Our response to the White Paper: “A Smarter Approach to Sentencing”Wednesday 24th February 2021
Restorative Solutions believes strongly that attention needs to be paid to what we believe are missed opportunities to make better use of restorative justice, which is a very well researched approach to helping both offenders and victims. In particular, we see a need to distinguish restorative justice from reparation or community resolution.
Restorative justice should, in our considered view, be so called only when taken seriously. Our key definition is that restorative justice is a structured meeting between an offender and perhaps a supporter, a victim and perhaps a supporter, and a trained and impartial facilitator. The meeting allows each party to explain their experience and to understand the other’s point of view. Acts of atonement or reparation do not produce the established benefits of well structured restorative justice.
“A Smarter Approach to Sentencing”
The theme of the White Paper should be “smarter”, but that word appears once only after the heading. “Tougher”, however, appears 18 times and provides a clear alternate theme. Restorative justice is mentioned 10 times, but not before page 52. There is also much discussion of victims’ experience in court and around sentencing, but little on reducing victims’ trauma and assisting their recovery. It is accepted that the latest Victims’ Code from the MoJ is explicit (at Right 3) about the full use of restorative justice, and the Code is mentioned at p.24.
Missed opportunity with Restorative Justice for offenders
There is a missed opportunity to look at restorative justice for offenders as early as page 8 (within “Our Vision for Reform”) where the White Paper says, “a successful period of probation supervision can challenge and motivate offenders to address the causes of their offending.” This is pre-eminently true of restorative justice, but the Paper does not offer it. At p.34 (para 88) the White Paper says, “For (these) prolific offenders we will continue to consider whether there are innovative ways in which we could tackle their persistent offending.” We believe restorative justice is such a way; although it is no longer innovative, it still seems different to many in the legal system, regrettably.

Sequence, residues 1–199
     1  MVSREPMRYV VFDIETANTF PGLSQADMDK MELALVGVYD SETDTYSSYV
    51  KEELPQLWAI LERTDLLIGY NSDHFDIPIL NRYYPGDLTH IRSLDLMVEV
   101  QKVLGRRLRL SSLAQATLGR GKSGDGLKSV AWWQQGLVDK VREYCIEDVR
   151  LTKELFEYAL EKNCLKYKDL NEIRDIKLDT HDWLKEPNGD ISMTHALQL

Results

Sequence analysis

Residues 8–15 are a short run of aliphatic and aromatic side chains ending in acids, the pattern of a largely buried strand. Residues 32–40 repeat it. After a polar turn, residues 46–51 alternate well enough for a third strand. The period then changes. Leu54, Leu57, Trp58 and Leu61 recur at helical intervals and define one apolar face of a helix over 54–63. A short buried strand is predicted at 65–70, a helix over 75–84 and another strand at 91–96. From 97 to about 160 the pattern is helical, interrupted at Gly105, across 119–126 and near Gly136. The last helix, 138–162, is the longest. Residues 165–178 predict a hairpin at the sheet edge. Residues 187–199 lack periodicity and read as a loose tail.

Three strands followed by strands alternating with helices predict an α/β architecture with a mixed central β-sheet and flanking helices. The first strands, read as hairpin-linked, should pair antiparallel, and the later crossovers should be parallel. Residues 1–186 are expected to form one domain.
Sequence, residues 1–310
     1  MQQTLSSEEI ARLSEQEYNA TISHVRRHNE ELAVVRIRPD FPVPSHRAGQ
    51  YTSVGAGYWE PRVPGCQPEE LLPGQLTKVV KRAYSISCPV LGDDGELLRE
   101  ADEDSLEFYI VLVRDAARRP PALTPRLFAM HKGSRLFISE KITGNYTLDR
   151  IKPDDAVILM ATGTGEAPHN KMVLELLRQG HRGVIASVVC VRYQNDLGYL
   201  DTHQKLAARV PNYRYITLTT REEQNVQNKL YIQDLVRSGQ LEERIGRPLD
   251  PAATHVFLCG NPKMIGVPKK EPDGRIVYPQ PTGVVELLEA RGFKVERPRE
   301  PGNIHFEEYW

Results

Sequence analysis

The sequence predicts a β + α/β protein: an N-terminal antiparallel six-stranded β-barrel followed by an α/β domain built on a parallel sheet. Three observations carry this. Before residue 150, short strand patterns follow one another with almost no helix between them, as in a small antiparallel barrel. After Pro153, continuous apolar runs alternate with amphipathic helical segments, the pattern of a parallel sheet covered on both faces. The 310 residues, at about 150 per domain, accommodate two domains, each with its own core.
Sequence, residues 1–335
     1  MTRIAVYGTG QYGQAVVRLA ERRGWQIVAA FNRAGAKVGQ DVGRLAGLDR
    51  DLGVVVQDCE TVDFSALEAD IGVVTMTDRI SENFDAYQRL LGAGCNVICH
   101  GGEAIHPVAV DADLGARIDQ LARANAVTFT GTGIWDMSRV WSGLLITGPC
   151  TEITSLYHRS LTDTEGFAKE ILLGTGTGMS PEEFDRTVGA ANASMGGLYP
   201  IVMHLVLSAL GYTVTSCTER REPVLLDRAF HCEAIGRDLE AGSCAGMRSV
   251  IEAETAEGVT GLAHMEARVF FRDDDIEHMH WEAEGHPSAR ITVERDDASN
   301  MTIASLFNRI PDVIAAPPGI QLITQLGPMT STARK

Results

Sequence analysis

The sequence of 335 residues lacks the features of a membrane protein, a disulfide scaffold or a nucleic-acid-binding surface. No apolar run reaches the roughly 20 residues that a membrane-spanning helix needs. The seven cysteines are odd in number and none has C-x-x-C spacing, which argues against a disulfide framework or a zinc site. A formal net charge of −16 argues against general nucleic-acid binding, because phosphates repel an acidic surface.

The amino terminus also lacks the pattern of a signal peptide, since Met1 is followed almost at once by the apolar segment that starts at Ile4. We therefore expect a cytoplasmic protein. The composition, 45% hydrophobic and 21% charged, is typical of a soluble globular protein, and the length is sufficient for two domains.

When dealing with offenders in the community, the White Paper says at pp. 37-38 (paras 97-98), “The evidence points to taking a different approach to this cohort, which helps to break the cycle of reoffending. If we can reduce reoffending, the benefits will be felt by society as a whole. Building on the lessons of the past, in this chapter we set out a new vision for community justice that combines robust punishment and management of risk with a greater focus on addressing rehab-ilitative needs. We will deliver this through a combination of legislative reforms and significant investment in improvements to the way probation supervises and rehabilitates offenders. (...) We are clear that we will not compromise our responsibility to victims of crime or the safety and protection of the wider public. We also understand the importance of providing victims with the support they need to cope and recover regardless of the sentence received by the offender. We will work carefully and closely with the judiciary to fully embed our new approach across the criminal justice system.” Again, we stress that restorative justice is ideally designed to achieve these aims.
Restorative Justice is an important part of the Justice System
At p. 43 (para 123), there is another missed chance to embed restorative justice in the range of “robust and responsive” measures sought, and at p. 59 (in the summary), the White Paper seeks to see “offenders challenged and motivated to address the causes of their offending” – another opportunity, very clearly, for restorative justice. By p. 95 the White Paper is open to “inviting views on how reparation and restorative justice can be improved.” It is necessary to distinguish these two different approaches.
Finally, at p. 101 (paras 363-367), restorative justice is seriously mentioned. The White Paper says, “we believe restorative justice is an important part of the justice system and has significant benefits both for the victim and for the rehabilitation of offenders,” but it confuses full restorative justice with the declining reparation orders. The reader should concentrate on the last sentence of para 367, by “ensuring that restorative justice continues to be victim-led.”
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These are the essential points of response to a White Paper which fails to fulfil its potential and, in so doing, risks missing sentencing reform opportunities and benefits for offenders and for victims and society.
For further information about Restorative Justice please contact Restorative Solutions' expert team.